Ntombephi “Induna” Ntobela, My Sea, My Sister, My Tears, 2011. Glass beads sewn onto fabric. 24 x 24 ⅜ inches

Ubuhle Women: Beadwork and the Art of Independence

January 21, 2018 - March 31, 2018

Hodge Galleries

This exhibition showcases a new form of bead art, the ndwango (which translates to “cloth”), developed by a community of women living and working together in rural South Africa. The Ubuhle artists use black fabric, reminiscent of the headscarves and skirts they wore growing up, as a canvas for intricate beaded works of art. Ubuhle [pronounced Ub-Buk-lay] means “beauty” in the Xhosa and Zulu languages, and eloquently describes the shimmering quality of light on glass that is present in the ndwangos.

Ubhule Women: Beadwork and the Art of Independence was developed by the Smithsonian Anacostia Community Museum, Washington, DC in cooperation with Curators Bev Gibson, Ubuhle Beads, and James Green, and is organized for tour by International Arts and Artists.

Exhibition Info

From the Exhibition

  • Nontanga Manguthsane. African Crucifixion, n.d.
    Glass beads sewn onto fabric. 177 1/2 × 275 3/4 × 16 inches (450.9 × 700.4 × 40.6 cm). The Ubuhle Private Collection & Private Collection

  • Zondile Zondo. Flowers for the Gods, 2012. Glass beads sewn onto fabric. 51 × 21 3/8 × 2 in. (129.5 × 54.3 × 5.1 cm). The Ubuhle Private Collection.

  • Bongiswa Ntobela. Funky Bull, 2006. Glass beads sewn onto fabric. 49 1/4 × 84 in. (125.1 × 213.4 cm). The Ubuhle Private Collection.

  • Thando Ntobela, South African. Ankoli Bull, 2013. Glass beads sewn onto fabric. 50 1/2 × 67 7/8 × 2 in. (128.3 × 172.4 × 5.1 cm). Private Collection.

  • Zondile Zondo. My Mother's Peach Tree, 2012. Glass beads sewn onto fabric. 21 3/4 × 21 1/4 × 1 in. (55.2 ×

    54 × 2.5 cm). The Ubuhle Private Collection.

  • Zondile Zondo. I am ill, I still see Color and Beauty: Jamludi The Red Cow, 2012. Glass beads sewn onto fabric. 49 × 64 1/4 × 2 in. (124.5 × 163.2 × 5.1 cm). Private Collection.

Cameron Gray, Swiss, b. 1980. Thinking Hurts Too Much (detail), 2013. Video, monitor and media player. Museum purchase with funds from the Collection Endowment, 2013.63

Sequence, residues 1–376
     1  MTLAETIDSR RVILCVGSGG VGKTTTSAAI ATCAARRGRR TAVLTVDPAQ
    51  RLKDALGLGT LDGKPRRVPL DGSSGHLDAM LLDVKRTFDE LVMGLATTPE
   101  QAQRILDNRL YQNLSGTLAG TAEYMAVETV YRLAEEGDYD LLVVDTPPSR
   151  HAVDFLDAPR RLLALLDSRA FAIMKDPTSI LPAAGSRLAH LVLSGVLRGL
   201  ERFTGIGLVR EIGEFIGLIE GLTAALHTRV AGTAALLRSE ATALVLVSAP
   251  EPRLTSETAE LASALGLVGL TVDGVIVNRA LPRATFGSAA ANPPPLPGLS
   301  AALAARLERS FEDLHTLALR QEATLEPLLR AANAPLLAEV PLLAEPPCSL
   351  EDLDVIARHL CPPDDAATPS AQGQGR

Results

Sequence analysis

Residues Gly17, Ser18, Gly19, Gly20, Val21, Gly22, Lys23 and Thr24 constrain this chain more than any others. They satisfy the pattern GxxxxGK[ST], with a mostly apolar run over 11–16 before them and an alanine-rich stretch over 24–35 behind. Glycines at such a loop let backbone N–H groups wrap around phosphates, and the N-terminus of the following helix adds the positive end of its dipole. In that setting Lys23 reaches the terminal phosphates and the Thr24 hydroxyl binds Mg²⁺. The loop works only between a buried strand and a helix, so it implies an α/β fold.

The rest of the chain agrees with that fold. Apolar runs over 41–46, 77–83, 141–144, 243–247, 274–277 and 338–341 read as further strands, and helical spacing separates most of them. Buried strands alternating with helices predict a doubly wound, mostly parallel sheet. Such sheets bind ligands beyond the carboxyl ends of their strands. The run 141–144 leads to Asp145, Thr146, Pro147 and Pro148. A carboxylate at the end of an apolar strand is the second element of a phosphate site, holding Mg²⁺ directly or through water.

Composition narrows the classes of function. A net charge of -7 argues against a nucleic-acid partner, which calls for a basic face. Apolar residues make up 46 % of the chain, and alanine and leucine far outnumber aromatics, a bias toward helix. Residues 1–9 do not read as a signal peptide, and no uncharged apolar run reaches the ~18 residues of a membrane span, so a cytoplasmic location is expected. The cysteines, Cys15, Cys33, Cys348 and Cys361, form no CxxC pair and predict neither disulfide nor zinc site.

Thinking Hurts Too Much

March 1, 2018 - April 20, 2018

Media Arts Gallery

Thinking Hurts Too Much is a slowly scrolling video that incorporates found and manipulated internet footage, creating a panoramic collage of gyrating, pulsing, and writhing characters to expose America’s—and the world’s—desire for the sensational. Cameron Gray pieces together thousands of pop culture images to offer a provocative and poignant depiction of excess and the constant urge to seek new and more extreme visual stimulation. 

The video is an immersive experience that is constantly changing, as your eye moves from one area to the next, dancing across a screen that never stops moving. In doing so, Gray makes us aware of the passage of time as we witness the reactions of other viewers standing next to us—reminding us of the separation that results from unshared memory.

Exhibition Info

Utagawa Hiroshige, Japanese, 1797–1858. Harbor Scene, early–mid 19th century. Woodblock on paper. 13 1/4 x 8 3/4 inches. Gift of Mrs. Ralph Harman Booth, 1942.8

Rhythms and Experiences: Everyday Life in 19th-century Japanese Prints

January 13, 2018 - April 15, 2018

Graphics Gallery

This exhibition of Japanese prints, mostly from the 19th century, takes viewers into the quiet rhythms and familiar habits of the everyday. Japanese art and life were focused on telling stories about ordinary people. The prints feature numerous themes from both urban and country life, including pilgrimages to sacred sites, going to the theatre, and undertaking difficult journeys. Ranging from brothels to sacred mountains, Japan’s art of this time documents a look into their life and culture. Guest curator Dr. Sarah Lippert presents a lecture on the exhibition on March 14 at 6:00p in the FIA Theater. The event is free and open to the public.

The Graphics Gallery is sponsored by

Exhibition Info

Huntington Free Saturdaysnext